Origami to Greater Lengths An on-line book by Charles Santee Chapter 1 - How to make the very first fold
Discussion. The purpose of this chapter is to examine carefully the assumptions inherent in way the very first fold is made. I suggest that this is a good activity for both the beginning folder and the more experienced folder. After folding over 500 designs over nearly 50 years, I began to realize that nearly every model I designed using a square began with the same type of crease – folding the paper in half with a crease through the center. This was true even when the final design did NOT require a crease through the center. I sometimes used that crease just to find the position I actually wanted. Oh, you could start with just a pinch but still the path (extension) of the pinch would still pass through the center of the square. Further, I would use only 8 distinct starting folds for nearly all my creations. I wanted something new, I wanted to avoid the “Pinch”. How can this be achieved?
We will first examine those 8 possible first folds and how those folds may be defined so they can be duplicated accurately. Towards the end of this chapter, we will explore some alternative “First Folds”. Finally, we will examine how folding a non-square rectangles offers new possibilities for the very “First Fold”.
Let’s first examine how to make and describe one crease through the center of the paper. Challenge for beginning folders(this is a great review for those with more experience – see how describing a process can enhance your creativity[i])– Fold a square sheet of paper very carefully and precisely in half. Look at the results and then unfold the paper and create a new way to fold the same piece of paper exactly in half. Take a piece of notebook paper and describe in words or drawings exactly how you made each fold. Your description should be complete enough so another person that viewed only your descriptions could repeat precisely the same two starting folds. Do not use any extra materials such as a ruler to make the folds. Hints for beginners: Did you describe the position of the paper before the first fold was made fold was made? Did you change that position to make the second fold? Did you turn the paper over to make the second fold? Did you describe the shape that you saw after the fold was made? Did you draw a picture to show how to make the fold? Did the picture indicate where position where the crease was made? Did you use symbols to show the direction of the fold?
Now as a follow-up for advanced folders and beginners alike see if you can come up with some new words to describe each fold you made. How about folding by “diangulation”. Yes, I know, there is no such word – et. Maybe next time you are at a point where you want to change the way a traditional model works you could try “Folding by diangulation” . Let’s see how creative you can get. This may seem a bit frivolous because there are well established methods for diagramming and describing folds. You should definitely be aware of these well established methods. However, each author tends to present these methods in a slightly different manner. As you read more books compare the process used by each author and when you feel inclined, add your own method of description. The purpose of this activity is engender a fresh look at the process and enhance the probability of new creations.
Spoiler Alert The rest of this chapter will discuss alternative for making and describing how to make the very first fold. Do NOT read on until you have tried the challenge above. The challenge did not have a picture of the sheet of paper because the position of the paper might have influenced how you decide to fold. This is an important first step in folding. Position the paper so that you can comfortably make the fold. Some might tend to orient the paper like a book with the paper flat on the table in the position of a book. This might lead us to fold the paper by matching the top and bottom edges and the resulting fold would be a 2 by 1 rectangle.
Others might tend to place the paper on a flat surface like a diamond with one corner of the paper pointing towards your body like this.
When describing your fold, position is important. However, do not always accept a starting position of a paper as the absolute truth. You may prefer to slightly turn a paper to make the process of folding more comfortable. You might even prefer to start or finish some folds by lifting the paper in the air. One way to describe a fold is to name the fold base on what the resulting fold looks like. 2Look at the names below each of the folds below. Each has been given a name that has frequently been used to describe how the fold is to be made.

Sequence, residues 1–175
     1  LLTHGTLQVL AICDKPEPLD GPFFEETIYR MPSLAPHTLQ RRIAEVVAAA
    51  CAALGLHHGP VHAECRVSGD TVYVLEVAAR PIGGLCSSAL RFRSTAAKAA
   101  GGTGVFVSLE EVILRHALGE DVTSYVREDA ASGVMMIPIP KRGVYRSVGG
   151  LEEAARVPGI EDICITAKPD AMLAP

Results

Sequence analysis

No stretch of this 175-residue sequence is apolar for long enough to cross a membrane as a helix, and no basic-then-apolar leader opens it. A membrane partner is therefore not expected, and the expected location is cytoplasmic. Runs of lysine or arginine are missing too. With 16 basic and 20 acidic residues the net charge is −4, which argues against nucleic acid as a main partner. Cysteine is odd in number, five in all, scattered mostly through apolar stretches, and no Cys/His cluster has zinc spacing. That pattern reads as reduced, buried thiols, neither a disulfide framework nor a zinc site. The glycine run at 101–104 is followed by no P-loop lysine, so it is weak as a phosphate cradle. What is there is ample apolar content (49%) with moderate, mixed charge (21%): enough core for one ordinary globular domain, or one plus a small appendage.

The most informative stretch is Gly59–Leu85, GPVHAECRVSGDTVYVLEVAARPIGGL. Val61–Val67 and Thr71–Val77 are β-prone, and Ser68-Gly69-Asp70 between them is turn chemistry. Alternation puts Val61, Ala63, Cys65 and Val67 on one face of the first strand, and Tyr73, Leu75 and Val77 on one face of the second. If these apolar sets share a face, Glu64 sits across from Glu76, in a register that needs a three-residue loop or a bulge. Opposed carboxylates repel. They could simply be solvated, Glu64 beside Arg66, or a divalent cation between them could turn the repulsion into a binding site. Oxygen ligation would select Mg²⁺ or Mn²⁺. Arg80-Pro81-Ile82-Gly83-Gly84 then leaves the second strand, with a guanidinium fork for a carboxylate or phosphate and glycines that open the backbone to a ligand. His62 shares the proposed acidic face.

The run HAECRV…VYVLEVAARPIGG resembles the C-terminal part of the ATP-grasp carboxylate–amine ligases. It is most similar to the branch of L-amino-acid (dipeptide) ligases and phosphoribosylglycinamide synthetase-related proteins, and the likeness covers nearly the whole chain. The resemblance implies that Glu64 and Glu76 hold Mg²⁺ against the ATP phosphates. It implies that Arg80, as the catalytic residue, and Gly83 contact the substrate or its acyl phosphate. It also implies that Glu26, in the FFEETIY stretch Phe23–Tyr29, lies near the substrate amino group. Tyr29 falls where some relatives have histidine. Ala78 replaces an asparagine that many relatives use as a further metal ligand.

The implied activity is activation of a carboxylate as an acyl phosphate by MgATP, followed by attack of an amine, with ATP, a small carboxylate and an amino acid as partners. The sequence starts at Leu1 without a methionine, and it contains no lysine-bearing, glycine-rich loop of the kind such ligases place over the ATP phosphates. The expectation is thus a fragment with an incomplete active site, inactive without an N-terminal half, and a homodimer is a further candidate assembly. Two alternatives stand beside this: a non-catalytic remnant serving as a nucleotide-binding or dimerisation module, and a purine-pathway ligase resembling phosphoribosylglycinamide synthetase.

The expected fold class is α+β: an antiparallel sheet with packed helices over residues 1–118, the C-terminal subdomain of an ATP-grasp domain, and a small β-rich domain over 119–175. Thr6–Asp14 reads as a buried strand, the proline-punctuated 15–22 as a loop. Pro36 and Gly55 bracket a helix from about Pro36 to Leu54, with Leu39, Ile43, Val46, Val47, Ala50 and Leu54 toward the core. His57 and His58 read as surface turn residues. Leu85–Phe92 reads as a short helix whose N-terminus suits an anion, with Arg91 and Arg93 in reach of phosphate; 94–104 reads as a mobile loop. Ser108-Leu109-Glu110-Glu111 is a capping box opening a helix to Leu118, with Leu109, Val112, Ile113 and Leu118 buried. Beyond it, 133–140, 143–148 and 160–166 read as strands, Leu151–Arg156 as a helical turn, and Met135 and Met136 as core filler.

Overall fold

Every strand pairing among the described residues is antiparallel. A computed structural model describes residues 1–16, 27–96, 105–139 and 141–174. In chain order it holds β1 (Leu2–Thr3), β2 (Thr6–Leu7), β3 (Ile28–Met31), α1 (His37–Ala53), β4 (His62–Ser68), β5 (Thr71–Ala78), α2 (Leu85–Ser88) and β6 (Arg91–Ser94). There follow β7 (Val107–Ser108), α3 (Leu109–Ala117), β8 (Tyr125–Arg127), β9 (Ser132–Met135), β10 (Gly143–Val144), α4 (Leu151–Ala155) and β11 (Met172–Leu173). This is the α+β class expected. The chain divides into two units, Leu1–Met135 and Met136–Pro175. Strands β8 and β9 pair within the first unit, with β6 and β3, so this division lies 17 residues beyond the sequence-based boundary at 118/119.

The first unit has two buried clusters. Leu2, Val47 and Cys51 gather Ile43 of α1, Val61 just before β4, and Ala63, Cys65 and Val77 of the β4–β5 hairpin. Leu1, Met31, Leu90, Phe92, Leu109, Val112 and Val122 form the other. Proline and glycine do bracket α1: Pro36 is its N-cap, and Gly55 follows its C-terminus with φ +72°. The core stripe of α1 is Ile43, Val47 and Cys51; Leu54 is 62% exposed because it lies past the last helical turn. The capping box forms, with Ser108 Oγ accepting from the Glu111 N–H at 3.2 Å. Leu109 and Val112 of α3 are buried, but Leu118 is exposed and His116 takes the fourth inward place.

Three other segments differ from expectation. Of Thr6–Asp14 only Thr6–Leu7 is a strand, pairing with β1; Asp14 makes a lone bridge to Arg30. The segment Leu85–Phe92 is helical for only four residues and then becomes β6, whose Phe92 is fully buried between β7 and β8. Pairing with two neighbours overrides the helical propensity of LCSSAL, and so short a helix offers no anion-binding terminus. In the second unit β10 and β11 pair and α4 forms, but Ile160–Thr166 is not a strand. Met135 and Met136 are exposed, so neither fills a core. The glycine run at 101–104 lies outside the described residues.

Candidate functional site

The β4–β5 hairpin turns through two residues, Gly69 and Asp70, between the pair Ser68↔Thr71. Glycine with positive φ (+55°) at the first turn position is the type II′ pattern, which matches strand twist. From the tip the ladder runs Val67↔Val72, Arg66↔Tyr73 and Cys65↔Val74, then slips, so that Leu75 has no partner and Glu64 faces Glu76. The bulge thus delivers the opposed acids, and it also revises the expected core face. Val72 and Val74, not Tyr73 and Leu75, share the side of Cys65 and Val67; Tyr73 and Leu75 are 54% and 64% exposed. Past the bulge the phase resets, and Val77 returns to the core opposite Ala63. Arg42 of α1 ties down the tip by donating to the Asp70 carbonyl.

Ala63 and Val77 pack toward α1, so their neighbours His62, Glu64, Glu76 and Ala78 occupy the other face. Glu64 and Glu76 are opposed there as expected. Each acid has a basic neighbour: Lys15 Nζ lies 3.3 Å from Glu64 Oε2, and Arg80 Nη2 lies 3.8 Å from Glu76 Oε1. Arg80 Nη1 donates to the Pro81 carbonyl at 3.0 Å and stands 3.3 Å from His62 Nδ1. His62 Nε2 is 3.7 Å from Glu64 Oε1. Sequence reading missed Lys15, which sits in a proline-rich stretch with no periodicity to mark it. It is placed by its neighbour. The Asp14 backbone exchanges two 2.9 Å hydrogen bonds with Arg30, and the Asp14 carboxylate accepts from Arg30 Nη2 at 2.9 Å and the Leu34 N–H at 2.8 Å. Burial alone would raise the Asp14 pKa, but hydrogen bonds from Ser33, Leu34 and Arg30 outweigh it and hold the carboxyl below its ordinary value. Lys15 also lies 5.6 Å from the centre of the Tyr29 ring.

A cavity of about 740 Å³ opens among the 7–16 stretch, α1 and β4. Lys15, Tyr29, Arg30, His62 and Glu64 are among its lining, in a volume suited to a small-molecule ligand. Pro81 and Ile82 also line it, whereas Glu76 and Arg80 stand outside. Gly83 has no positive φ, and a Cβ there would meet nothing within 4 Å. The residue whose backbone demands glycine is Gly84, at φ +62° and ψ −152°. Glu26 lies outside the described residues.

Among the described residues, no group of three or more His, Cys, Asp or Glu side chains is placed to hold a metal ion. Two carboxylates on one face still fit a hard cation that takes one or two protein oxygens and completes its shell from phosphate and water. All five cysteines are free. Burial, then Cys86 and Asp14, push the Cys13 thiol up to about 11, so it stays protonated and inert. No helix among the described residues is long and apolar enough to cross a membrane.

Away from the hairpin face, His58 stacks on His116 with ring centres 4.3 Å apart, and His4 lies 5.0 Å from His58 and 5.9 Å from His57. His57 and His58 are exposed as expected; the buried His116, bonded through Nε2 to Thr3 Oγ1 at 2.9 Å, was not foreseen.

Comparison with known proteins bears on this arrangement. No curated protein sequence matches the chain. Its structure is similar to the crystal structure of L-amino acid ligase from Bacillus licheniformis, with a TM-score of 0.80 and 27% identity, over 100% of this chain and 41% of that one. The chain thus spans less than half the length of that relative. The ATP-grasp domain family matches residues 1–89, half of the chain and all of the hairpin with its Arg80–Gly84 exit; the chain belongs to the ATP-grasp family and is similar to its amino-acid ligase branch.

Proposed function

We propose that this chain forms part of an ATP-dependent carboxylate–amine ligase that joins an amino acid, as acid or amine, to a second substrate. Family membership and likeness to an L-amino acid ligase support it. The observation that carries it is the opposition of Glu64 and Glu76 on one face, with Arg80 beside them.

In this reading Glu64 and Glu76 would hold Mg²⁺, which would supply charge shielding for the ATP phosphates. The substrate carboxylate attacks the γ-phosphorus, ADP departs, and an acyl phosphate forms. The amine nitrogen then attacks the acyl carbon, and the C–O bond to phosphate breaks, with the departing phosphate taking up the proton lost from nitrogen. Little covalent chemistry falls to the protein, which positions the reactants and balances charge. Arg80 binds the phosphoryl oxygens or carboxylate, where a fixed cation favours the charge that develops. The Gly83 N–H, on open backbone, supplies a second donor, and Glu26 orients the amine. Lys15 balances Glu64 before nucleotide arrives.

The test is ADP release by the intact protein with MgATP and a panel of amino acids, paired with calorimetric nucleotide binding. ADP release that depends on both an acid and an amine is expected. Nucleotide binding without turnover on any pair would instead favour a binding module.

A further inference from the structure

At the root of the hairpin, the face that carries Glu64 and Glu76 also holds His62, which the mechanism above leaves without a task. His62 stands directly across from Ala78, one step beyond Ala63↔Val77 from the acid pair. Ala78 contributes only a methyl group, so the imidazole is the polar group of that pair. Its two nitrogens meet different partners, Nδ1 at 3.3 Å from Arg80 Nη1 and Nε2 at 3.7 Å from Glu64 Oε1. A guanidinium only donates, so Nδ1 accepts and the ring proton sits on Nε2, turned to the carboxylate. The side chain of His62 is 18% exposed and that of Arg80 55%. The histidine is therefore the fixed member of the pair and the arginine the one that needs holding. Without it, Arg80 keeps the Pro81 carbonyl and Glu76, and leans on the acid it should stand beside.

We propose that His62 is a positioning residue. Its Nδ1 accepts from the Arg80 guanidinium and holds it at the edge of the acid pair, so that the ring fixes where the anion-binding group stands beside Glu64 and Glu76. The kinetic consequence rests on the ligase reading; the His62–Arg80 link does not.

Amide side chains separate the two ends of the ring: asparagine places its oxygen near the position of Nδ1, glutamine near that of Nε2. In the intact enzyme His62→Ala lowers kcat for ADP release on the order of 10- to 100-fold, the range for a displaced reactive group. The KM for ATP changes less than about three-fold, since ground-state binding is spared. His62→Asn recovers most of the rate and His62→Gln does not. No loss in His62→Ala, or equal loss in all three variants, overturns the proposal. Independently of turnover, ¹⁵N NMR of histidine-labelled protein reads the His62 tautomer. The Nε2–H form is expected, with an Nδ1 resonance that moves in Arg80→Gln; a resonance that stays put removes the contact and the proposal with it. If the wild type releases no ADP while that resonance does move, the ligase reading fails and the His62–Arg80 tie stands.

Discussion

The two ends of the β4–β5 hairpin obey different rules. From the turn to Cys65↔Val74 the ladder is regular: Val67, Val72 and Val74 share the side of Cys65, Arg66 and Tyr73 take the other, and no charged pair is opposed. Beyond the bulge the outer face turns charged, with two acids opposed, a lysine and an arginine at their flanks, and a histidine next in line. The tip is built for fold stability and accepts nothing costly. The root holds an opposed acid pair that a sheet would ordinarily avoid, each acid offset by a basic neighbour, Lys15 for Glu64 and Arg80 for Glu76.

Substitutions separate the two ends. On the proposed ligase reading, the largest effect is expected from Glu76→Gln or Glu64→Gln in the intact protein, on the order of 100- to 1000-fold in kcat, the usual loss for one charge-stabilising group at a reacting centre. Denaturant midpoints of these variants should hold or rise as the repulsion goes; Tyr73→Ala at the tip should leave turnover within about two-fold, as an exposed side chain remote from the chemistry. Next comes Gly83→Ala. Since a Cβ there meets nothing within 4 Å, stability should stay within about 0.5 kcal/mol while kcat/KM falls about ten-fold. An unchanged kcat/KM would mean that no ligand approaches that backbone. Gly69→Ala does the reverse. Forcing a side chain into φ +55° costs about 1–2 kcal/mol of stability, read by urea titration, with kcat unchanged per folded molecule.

Here are some stranded diagraming symbols used in many books. Note: in the symbols presented below I have used the color Bluet indicate a Mountain Fold and Red to indicate a Valley Fold. Here is a way to remember what each color means - “Blue Ridge Mountains” and “Red River Valley”.
The instruction for the first fold might be as follows: Curve the paper so line A-D meets and is parallel to Line B-C then Fold Flat creating straight crease E-F. The instructions for the very last fold might be as follows: Curve the paper so that Point A meets Point C then fold flat creating a straight crease that passes through points B and D.
A minor challenge: If carefully designed, a diagram might take the place of these instructions: Of the 4 diagrams below, which two diagrams more accurately portray one of the first simple starting folds?
The two diagrams on the left which have the longer arrows are more accurate because the arrow more accurately identifies the position to more the paper to create the desired crease. Remember, you want to fold using guides that are (1) line to line, (2) point to line (3) line to point and (4) point to point. The start and end of the arrows on the right point closer to an undefined space that a point or line. You may notice arrows slightly off target (on purpose) because this makes a better visual display. A diagram is sometimes a compromise between what is visually pleasing (i.e., easier to discriminate parts) and what is most precise.
Lines and points might be labeled with letters in this book when it is deemed that additional information is required. Always notice the starting and ending orientation of the paper. You can vary from this as desired but this was considered as one of the best ways to set up and finish the fold. In addition we will use colors as a guide for certain folds. Blue lines for Mountain folds (think Blue ridge mountains and Red lines for Valley folds(think Red River Valley). The videos provide additional help for folding. Seasoned folders often prefer diagrams and new users may prefer either videos or diagrams. I suggest you look at both so you can transfer similar techniques across different media. Some 3 dimensional folds are best presented in videos. You may need to see a complex fold n progress. Some diagrams can show smaller details that can not be seen clearly in a video. Cut out or x-Ray views are often best done with diagrams. When folding we need to look outside the box, inside the box and occasionally look “through the Box”. If you start to do this you will be rewarded with new reference points for creating that wonderfully creative new fold. Here are some other ways to describe the folding process.